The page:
Headline for Featured Item #1 Graduate Student Leads Oso Bay Water Quality Monitoring Project to Assist City - Texas A&M University-Corpus Christi
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Graduate Student Leads Oso Bay Water Quality Monitoring Project to Assist City

June 17, 2013

Oso Bay Monitoring

CORPUS CHRISTI, Texas – Graduate Student Lee Schroer and Research Associate Terry Palmer dove into the waters under the Oso Bay Bridge on Monday, June 17, to collect water samples which will be used to analyze the water quality of the bay. The samples were collected between Ward Island and the Naval Air Station Corpus Christi.

The pair replaced an underwater sonde, a cylinder-like probe that samples environmental data from the water such as temperature and salinity.

“The purpose of this project is to provide the best, most comprehensive picture of this bay that has ever been done,” said Schroer, who works in the Harte Research Institute (HRI). “The findings are important because essentially they’re going to be the preliminary and the best source of data for any projects in the future. We’re collecting the data and making it available to whoever wants to use it for scientific, recreational, and economic measures.”  

Schroer, who began collecting samples in February 2013, is also recording the amount of dissolved oxygen in the water, and taking “spot checks” of nutrients, the total amount of sediment, nitrogen, and carbon in the water.  The group will collect water samples to “filter out” all the chlorophyll and determine how much plankton is in the water. Then, they will take the filtered water and analyze it for nutrient concentrations. They will determine if the nutrient levels in the water are within the state’s acceptable standards. This process is done every 10 days to ensure data accuracy. Schroer will be collecting data through March 2014.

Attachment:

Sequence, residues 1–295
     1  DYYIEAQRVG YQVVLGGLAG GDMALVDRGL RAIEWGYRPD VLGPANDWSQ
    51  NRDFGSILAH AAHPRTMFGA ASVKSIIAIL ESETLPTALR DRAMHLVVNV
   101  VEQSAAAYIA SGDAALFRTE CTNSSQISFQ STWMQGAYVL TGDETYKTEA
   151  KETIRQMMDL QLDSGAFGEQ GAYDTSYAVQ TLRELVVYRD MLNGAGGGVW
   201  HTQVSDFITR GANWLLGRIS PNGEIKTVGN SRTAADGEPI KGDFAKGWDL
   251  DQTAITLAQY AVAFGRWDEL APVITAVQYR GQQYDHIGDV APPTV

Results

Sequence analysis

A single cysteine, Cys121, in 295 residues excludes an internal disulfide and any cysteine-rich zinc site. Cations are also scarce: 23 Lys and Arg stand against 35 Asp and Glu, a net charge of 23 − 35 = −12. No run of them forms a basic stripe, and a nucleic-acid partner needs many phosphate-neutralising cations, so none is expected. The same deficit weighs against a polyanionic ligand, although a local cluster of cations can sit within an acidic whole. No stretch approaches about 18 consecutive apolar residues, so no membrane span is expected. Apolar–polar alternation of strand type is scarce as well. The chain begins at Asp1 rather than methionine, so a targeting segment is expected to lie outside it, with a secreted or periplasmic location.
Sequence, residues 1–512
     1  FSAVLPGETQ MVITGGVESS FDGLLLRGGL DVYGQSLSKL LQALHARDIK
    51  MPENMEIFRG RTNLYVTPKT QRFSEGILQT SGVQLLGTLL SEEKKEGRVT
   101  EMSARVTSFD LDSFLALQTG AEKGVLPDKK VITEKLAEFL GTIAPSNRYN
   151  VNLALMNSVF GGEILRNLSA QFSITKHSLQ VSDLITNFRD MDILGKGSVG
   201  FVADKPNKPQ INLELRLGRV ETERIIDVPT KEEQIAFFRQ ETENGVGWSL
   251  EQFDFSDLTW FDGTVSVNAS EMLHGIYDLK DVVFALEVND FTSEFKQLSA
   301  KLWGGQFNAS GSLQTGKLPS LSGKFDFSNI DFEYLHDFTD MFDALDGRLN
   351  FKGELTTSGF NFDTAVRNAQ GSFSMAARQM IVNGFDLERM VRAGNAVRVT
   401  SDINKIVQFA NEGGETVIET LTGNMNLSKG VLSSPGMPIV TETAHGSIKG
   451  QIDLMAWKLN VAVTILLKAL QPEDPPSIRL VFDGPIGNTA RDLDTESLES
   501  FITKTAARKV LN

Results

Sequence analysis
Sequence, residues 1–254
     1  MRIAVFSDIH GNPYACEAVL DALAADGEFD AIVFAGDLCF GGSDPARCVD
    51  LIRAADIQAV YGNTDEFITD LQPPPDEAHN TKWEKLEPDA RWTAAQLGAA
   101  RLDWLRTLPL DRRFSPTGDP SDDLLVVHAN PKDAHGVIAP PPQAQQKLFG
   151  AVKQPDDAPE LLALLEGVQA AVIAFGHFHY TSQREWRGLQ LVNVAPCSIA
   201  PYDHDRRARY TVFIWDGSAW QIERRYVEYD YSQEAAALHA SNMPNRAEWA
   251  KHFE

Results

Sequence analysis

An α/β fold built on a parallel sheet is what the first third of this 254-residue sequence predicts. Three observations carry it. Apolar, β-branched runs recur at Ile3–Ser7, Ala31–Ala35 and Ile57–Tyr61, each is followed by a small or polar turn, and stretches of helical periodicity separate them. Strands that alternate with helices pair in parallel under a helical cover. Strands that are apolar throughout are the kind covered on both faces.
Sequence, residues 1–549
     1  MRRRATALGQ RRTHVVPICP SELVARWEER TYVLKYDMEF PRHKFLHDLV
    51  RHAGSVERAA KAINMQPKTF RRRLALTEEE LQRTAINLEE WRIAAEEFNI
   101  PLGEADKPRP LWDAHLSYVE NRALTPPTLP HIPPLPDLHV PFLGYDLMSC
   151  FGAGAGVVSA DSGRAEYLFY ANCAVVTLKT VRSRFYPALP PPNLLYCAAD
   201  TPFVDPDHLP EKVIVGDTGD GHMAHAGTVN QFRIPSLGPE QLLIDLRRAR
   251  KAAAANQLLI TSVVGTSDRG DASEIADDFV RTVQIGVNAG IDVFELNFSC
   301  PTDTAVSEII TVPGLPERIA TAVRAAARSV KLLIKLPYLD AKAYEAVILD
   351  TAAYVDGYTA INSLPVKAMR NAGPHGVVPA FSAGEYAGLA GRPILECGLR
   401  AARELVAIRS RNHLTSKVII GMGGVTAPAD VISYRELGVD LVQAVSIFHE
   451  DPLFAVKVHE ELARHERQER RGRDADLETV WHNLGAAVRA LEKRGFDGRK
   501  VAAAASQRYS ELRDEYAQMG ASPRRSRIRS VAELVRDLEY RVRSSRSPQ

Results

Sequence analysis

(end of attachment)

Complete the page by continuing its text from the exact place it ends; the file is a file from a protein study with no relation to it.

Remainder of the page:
Dr. Kevin Nelson, Post-Doctoral Research Associate, is Principal Investigator of a year-long $60,000 contract to provide data on Oso Bay to the City of Corpus Christi.

Oso Bay is a nursery ground for many species and aquatic organisms such as shrimp, black drum, and sea trout, as well as a recreational area for many fishermen. If these waters become overloaded with nutrients, there can be harmful bacteria or algal blooms that could have negative ecological consequences. For example, fish may have small concentration buildup of toxins that could potentially be unsafe for humans to consume.  

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